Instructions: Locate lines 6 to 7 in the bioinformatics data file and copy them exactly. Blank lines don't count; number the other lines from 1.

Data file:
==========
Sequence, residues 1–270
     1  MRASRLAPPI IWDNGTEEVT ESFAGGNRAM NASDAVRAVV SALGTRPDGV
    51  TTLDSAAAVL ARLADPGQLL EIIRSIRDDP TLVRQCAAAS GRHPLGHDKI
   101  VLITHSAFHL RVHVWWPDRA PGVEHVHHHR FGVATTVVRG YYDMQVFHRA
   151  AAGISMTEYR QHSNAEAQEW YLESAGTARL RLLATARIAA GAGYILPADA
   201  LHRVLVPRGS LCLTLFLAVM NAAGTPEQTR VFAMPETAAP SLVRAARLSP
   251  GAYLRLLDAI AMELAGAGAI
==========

   201  LHRVLVPRGS LCLTLFLAVM NAAGTPEQTR VFAMPETAAP SLVRAARLSP
   251  GAYLRLLDAI AMELAGAGAI